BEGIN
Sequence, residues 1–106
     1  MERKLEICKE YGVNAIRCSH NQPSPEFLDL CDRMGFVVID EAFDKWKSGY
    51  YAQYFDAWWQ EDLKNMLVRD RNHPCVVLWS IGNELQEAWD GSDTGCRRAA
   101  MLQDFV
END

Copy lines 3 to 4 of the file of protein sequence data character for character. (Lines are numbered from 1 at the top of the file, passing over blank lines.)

    51  YAQYFDAWWQ EDLKNMLVRD RNHPCVVLWS IGNELQEAWD GSDTGCRRAA
   101  MLQDFV